Analyst: In the Future Everyone Will Be Unbanked (By Choice)
Last week, a new article appearing in Morning Consult and written by Morning Consult’s financial services analyst examines recent data to break down the banking status of U.S. adults. One of its prime conclusions is that as consumers’ comfort level with nonbank financial services continues to grow, the terms “unbanked” and “underbanked” will likely need to be reevaluated.
“Underbanked” has long been understood to mean a consumer who has a bank account but has used alternative financial services like check cashing, money orders, payday loans, pawn shop loans, or auto title loans within the past 12 months. Similarly, “unbanked” consumers are those without a bank account. According to the Federal Reserve, 13 percent of the population qualifies as underbanked, five percent are unbanked, and the remaining 81 percent are “fully banked”—or have a bank account and did not use alternative financial services within the past year.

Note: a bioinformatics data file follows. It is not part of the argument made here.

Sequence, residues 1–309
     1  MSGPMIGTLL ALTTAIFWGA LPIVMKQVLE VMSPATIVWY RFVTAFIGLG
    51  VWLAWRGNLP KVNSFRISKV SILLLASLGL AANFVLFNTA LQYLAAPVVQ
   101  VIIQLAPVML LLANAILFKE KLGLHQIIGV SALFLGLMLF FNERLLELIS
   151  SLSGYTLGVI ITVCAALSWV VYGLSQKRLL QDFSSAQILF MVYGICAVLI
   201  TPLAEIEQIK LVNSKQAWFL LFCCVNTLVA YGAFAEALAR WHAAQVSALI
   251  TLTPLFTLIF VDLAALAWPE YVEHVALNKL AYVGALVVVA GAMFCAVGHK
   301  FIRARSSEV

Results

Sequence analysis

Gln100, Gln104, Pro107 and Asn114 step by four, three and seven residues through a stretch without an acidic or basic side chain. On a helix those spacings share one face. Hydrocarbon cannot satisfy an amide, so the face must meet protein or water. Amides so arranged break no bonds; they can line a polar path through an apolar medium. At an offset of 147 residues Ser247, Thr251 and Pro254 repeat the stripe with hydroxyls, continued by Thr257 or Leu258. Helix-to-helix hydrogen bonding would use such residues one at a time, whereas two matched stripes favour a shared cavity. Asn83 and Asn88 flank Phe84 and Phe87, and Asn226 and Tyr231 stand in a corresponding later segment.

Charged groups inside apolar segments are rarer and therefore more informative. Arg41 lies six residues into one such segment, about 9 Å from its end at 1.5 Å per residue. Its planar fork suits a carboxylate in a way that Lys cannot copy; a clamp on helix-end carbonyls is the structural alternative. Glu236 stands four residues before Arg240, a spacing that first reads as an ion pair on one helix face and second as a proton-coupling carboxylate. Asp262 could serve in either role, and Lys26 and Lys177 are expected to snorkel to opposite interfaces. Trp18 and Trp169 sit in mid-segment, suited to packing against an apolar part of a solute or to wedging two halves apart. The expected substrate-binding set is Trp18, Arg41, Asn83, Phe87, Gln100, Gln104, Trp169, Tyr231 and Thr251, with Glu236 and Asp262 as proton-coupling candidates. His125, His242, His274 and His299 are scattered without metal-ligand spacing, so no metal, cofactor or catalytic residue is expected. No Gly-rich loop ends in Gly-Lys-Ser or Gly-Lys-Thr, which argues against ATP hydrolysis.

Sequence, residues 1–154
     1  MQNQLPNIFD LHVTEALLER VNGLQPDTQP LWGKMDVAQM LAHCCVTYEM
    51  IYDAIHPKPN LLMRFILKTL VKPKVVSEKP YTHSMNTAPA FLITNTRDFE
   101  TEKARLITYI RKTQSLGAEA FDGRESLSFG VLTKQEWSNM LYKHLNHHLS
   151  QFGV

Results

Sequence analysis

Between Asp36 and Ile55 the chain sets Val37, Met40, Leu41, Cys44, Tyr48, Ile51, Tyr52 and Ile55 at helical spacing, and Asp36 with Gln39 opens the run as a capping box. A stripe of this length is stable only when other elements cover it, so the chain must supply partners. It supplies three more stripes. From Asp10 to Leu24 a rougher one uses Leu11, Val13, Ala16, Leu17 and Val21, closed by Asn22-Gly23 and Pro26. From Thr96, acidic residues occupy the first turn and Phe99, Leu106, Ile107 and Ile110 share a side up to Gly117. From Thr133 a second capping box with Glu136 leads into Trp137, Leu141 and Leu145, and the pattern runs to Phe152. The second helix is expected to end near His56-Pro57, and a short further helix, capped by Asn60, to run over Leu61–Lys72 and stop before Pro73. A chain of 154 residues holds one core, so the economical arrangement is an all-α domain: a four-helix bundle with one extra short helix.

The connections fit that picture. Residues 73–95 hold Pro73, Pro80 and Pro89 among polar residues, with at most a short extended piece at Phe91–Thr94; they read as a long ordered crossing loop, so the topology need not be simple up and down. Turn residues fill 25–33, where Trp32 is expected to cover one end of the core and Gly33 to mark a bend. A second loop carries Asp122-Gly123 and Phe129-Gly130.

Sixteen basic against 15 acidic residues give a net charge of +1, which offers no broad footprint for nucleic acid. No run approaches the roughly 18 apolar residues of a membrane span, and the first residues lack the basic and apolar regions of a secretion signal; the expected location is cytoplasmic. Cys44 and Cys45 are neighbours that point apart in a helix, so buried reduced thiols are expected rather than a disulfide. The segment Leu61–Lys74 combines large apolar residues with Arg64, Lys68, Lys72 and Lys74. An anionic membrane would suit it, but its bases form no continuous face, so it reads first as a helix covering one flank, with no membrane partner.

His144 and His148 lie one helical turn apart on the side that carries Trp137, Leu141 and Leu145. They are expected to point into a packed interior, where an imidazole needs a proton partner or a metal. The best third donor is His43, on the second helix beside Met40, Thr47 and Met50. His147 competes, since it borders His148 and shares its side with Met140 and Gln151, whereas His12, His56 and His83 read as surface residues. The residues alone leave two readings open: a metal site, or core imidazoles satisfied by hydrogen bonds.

Many believe that unbanked and underbanked consumers use alternative financial services out of necessity—i.e. they lack access to such services from traditional financial institutions. As Charlotte Principato, the Morning Consult analyst, puts it, “the long-held assumption in the financial services industry is that consumers wouldn’t choose to use services qualifying them as underbanked—cashing checks, purchasing money orders, or paying bills through nonbank providers—if they had a banking relationship that provided such services.”
Instead, Principato argues from looking at Morning Consult’s data, “these adults are simply taking advantage of the wide array of financial services innovations that have evolved over the last decade. […] In the future, everyone will be underbanked in some way—but by choice, relying only on alternative, nonbank service providers to manage their financial lives.”
Principato also forecasts that consumer adoption of nonbank financial services has grown and will continue to do so.